I’ll Get There Tomorrow: Procrastination in Online Learning
Procrastination is a way of dealing with difficult emotions and dispositions brought on by certain tasks. These feelings often arise when we are faced with a task that we consider to be ‘aversive’ (i.e. boring, frustrating, meaningless and / or disorganized), which in turn leads to unpleasant or disorganized feelings. to a negative mood. These negative moods lead to procrastination.
I can just do it tomorrow
Because procrastination is a “class killer” and because we always have procrastinators in our online courses, it’s worth exploring some of the prevailing negative moods that lead to procrastination.
Learners can be confused and unsure of a task. They may not have the confidence to complete the academic task, or they may not know where to start.
Unrealistic expectations or standards (i.e. feeling overwhelmed by the amount of energy it will take to excel).
Learners are annoyed that they have been given a task, so they delay completing the task.
- Low self-esteem
Learners may downplay their skills because they think they won’t be able to do a great job, so they keep putting off the task. They start to believe that they really can’t do it.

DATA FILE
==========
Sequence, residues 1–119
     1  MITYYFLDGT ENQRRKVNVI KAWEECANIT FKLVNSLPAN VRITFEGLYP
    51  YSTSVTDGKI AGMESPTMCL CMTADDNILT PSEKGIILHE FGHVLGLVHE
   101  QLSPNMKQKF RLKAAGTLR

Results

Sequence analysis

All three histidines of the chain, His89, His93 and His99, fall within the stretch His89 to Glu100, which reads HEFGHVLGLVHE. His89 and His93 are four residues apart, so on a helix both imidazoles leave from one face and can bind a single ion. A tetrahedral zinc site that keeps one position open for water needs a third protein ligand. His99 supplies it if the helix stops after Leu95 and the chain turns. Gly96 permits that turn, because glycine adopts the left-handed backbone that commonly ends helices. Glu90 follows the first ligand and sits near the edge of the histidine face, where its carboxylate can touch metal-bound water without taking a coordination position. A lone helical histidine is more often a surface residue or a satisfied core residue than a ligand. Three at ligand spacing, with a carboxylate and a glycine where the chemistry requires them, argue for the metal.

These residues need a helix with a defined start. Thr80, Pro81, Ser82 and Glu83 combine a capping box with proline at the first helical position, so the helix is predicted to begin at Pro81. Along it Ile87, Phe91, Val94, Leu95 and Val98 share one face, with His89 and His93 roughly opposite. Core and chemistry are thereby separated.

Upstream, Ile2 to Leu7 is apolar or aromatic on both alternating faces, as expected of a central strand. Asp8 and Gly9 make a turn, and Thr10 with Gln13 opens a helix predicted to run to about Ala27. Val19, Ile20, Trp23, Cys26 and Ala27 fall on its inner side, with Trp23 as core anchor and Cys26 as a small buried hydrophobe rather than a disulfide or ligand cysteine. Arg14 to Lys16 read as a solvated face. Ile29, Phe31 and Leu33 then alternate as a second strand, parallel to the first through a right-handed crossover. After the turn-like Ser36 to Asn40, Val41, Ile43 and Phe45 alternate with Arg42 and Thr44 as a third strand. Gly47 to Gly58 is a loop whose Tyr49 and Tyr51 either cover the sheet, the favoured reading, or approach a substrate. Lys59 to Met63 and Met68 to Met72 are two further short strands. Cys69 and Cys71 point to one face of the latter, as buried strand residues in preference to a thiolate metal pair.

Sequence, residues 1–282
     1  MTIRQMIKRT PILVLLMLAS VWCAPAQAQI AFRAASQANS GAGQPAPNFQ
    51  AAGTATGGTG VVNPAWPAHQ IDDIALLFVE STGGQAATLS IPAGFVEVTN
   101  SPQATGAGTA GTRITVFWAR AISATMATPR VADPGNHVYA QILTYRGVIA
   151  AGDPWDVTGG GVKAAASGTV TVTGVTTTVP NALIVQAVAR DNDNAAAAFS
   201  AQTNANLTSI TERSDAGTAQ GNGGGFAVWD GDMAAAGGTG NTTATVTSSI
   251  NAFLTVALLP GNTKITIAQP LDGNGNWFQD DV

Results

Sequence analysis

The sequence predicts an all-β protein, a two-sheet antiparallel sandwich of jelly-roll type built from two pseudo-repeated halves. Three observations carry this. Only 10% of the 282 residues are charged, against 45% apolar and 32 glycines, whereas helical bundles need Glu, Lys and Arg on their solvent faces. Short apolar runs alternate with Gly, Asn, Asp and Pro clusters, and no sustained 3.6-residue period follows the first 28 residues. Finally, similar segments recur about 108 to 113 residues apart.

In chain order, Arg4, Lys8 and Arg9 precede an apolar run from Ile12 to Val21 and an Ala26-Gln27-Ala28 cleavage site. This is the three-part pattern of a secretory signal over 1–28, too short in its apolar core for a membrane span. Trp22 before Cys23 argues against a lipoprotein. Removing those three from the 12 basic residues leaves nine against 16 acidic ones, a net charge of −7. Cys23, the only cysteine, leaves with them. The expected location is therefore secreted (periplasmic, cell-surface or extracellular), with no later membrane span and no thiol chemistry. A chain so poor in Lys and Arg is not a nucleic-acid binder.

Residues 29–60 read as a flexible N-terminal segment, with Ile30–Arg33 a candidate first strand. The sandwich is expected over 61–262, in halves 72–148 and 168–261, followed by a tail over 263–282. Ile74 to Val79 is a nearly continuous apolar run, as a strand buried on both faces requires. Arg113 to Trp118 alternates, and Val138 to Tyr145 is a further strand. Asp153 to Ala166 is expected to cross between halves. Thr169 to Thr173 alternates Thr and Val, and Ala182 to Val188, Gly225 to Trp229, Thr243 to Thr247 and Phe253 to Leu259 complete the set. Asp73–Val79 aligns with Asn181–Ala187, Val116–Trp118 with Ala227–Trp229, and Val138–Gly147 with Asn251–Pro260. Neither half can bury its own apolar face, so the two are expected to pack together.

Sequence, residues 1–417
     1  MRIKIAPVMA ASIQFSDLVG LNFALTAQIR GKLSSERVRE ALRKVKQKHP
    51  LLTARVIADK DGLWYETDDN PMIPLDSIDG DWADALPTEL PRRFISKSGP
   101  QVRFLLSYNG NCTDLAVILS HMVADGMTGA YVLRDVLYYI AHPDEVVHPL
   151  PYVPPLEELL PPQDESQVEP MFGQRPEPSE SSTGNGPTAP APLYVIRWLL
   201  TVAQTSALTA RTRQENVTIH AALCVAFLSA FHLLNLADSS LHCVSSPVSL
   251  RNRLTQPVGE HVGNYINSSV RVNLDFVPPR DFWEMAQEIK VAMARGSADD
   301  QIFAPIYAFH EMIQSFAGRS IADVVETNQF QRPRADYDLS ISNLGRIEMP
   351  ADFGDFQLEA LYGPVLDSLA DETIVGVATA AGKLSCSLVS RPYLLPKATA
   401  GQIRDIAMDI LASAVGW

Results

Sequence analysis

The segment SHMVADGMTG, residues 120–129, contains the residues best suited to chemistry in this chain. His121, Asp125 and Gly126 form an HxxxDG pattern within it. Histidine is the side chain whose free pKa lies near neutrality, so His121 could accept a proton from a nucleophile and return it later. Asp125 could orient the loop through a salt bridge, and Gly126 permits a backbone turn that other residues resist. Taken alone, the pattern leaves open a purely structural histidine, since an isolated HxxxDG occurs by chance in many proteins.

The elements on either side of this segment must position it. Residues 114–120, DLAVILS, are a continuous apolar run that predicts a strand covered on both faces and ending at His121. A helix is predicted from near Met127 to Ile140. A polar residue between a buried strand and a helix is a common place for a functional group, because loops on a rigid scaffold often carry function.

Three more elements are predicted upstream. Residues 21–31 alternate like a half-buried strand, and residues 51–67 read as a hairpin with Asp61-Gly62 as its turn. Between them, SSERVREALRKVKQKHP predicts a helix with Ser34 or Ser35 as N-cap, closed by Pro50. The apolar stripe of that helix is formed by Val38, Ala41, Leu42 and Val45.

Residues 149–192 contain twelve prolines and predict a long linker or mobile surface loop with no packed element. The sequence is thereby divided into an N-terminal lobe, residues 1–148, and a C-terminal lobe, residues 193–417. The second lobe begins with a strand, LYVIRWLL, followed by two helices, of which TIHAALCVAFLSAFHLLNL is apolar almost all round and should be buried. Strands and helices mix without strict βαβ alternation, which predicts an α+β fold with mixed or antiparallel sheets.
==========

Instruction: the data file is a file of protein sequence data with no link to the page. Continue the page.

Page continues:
Learners are overwhelmed by the circumstances, so they find the situation unfair and intolerable and cannot overcome these negative emotions.
Learners can feel so bad about not working that they end up marinating in that guilt instead of getting down to work, further exacerbating that feeling of guilt or shame.
Since procrastination is a predictor of not completing an online course, we need to address how we create our classes and how we prepare teachers to teach those classes. It is also essential that we educate learners on how to overcome procrastination.
For course designers
- Develop a module on procrastination
I recently started incorporating information into my online courses to make learners aware of what procrastination is and why they procrastinate. Part of such a module could include mindfulness and time orientation activities to reduce negative feelings associated with class.